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Analytical Chemistry

New Way To Analyze Art

Surface-enhanced Raman spectroscopy of artwork by Mary Cassatt

by Celia Henry Arnaud
August 10, 2009 | APPEARED IN VOLUME 87, ISSUE 32

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Credit: The Art Institute of Chicago
"Sketch of Margaret Sloane, Looking Right," Mary Cassatt, ca. 1893
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Credit: The Art Institute of Chicago
"Sketch of Margaret Sloane, Looking Right," Mary Cassatt, ca. 1893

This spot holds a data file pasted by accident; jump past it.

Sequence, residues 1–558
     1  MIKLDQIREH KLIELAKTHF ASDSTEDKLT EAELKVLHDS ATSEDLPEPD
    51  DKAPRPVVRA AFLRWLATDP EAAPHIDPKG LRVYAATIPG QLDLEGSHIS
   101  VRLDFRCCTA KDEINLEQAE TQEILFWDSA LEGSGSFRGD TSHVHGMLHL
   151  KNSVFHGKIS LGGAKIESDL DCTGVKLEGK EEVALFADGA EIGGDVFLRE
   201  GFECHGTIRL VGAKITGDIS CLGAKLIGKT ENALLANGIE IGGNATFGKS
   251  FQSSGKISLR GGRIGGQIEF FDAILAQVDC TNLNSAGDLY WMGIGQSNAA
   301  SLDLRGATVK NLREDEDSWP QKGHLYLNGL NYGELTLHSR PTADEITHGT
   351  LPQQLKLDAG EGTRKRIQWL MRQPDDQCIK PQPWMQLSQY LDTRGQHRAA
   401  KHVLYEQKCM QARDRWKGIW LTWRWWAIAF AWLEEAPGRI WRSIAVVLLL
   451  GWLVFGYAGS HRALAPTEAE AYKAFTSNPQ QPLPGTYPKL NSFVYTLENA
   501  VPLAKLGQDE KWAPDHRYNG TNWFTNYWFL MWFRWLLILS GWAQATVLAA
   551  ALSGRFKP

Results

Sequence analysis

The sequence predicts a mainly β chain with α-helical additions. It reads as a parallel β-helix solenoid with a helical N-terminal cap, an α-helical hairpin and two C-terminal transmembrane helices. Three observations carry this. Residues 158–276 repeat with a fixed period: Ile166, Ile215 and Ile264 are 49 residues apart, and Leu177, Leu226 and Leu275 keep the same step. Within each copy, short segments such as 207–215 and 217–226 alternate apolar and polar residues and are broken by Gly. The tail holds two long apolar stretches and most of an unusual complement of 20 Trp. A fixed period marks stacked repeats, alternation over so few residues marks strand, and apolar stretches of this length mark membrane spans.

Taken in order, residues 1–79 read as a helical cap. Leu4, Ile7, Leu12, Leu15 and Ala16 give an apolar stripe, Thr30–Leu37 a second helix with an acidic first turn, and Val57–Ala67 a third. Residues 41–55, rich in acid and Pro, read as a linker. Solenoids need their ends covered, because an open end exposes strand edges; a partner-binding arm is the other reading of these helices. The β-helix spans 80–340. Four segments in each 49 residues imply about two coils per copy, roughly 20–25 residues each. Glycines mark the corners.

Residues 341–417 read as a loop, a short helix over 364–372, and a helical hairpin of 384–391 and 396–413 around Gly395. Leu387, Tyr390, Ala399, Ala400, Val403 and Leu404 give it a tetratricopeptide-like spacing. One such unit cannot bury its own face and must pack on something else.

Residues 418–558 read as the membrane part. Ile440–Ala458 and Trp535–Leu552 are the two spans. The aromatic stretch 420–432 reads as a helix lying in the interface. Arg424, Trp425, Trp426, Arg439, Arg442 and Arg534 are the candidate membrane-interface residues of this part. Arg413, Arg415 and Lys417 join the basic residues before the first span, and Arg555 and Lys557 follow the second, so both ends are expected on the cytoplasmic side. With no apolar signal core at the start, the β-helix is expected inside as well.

Raman spectroscopy is an increasingly popular method for analyzing pigments in artwork. Surface-enhanced Raman spectroscopy, which uses a metal such as silver to boost the Raman signal, improves the sensitivity of normal Raman and allows smaller samples to be used, but SERS has not previously been applied to artwork. Richard P. Van Duyne of Northwestern University, Francesca Casadio of the Art Institute of Chicago, and coworkers have now used SERS to analyze pigments in a variety of media, including six pastel sticks that belonged to the artist Mary Cassatt and a pastel artwork by Cassatt (Anal. Chem., DOI: 10.1021/ac901219m). They succeeded by coating single grains (1–6 μm) of pigment with silver colloids, instead of putting samples on a silver surface, as done previously. In "Sketch of Margaret Sloane, Looking Right," SERS revealed colorants in the ruff that couldn't be measured with normal Raman.

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